Olivier Georgeon's research blog—also known as the story of little Ernest, the developmental agent.

Keywords: situated cognition, constructivist learning, intrinsic motivation, bottom-up self-programming, individuation, theory of enaction, developmental learning, artificial sense-making, biologically inspired cognitive architectures, agnostic agents (without ontological assumptions about the environment).

Monday, November 17, 2008

Ernest 4.1

video
Like Ernest 4.0, Ernest 4.1 learns and exploits second-order schemas to succeed in the "aA..bB..aA..aA" environment.

The way schemas are constructed and enacted has been however slightly modified.

At the beginning of each round, Ernest 4.1 evaluates the context, and if the context is new, he constructs potentially interesting schemas that match this context. For exemple, the intial context is made up of "nils" because Ernest has no initial experience, but this context is structured under the form of a previous act A2 and a previous schema S5 (first line). An act is a couple (Ernest's action, Environment's response). From this context, four initial primary schemas are constructed: S6, S7, S8, S9. Finally, one schema is enacted: in this example S9. Like, Ernest 4.0, if the schema gets X, Ernest 4.1 sais O-o, and if it gets Y, he sais Yee!

The context is the content of Ernest's short-term memory, it corresponds to the three previously-enacted schemas. For example, in this trace, the third context contains S5, S9 and S12. These schemas can be of any level of abstraction. For convenience, the third schema is expanded: S12=(A3,A4). A3 is S12's context and A4 is S12's act. A4 is expanded: A4=(B,Y), meaning that the last thing Ernest did was B and he got Y from the environment.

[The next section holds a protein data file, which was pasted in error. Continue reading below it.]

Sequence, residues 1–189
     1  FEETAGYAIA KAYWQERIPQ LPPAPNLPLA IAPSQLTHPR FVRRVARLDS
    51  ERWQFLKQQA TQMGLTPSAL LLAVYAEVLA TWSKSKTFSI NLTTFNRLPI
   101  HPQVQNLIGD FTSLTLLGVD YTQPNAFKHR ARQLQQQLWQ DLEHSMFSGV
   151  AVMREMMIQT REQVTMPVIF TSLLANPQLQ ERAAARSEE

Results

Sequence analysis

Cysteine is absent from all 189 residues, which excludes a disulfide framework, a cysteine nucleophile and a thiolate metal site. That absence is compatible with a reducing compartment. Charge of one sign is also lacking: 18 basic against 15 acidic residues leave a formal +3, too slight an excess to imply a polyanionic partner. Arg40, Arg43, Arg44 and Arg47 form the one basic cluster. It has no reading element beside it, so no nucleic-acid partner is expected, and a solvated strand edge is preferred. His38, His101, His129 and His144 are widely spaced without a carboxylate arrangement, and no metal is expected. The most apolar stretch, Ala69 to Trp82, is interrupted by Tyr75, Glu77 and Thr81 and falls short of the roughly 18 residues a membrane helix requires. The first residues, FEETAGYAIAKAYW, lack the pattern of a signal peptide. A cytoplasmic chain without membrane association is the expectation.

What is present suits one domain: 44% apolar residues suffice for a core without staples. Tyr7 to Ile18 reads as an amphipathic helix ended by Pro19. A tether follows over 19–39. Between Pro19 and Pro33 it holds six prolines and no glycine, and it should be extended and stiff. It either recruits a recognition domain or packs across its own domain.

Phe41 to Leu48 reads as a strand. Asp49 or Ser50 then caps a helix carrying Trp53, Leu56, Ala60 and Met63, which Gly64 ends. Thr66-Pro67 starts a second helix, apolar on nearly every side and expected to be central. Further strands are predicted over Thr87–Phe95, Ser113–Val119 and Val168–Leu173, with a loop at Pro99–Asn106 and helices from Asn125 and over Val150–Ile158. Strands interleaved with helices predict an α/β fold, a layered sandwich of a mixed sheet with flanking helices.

Like Ernest 4.0, Ernest 4.1 constructs a secondary schema each time a primary schema succeeds. This secondary schema is made up of the three previously-enacted primary schemas. That also corresponds to the context stored in short-term memory.

Later, when a new context matches a secondary schema, this secondary schema is enacted, if he has the highest weight amongst all the schemas matching this context, at any level.

Contrary to Ernest 4.0, Ernest 4.1 does not trace the details of the secondary schema enaction. A secondary schema enaction is displayed as a single line in the trace, despite it actually takes two rounds. Moreover, only the secondary schema is reinforced and stored in short-term memory, but not the primary schemas that are part of it. Thus, when a secondary schema is enacted, short-term memory is not filled with lower-level details. This mechanism allows Ernest to construct tertiary schemas.

At the end of this trace, we can see the construction of tertiary schemas, made up of the three previously-enacted primary or secondary schemas. In this environment, however, these tertiary shemas are not used because there is no reason for them to receive more reinforcement than the secondary schemas, and anyway, Ernest 4.1 is not yet able to recursively manage nested schemas.

It is interesting to notice that, as this trace only displays the highest-level schema enaction, it can again be understood as a description of Ernest's viewpoint on his activity. It is as if Ernest was always focusing on the highest level of control, and automatically performing lower-level behavior without having to pay attention to it.

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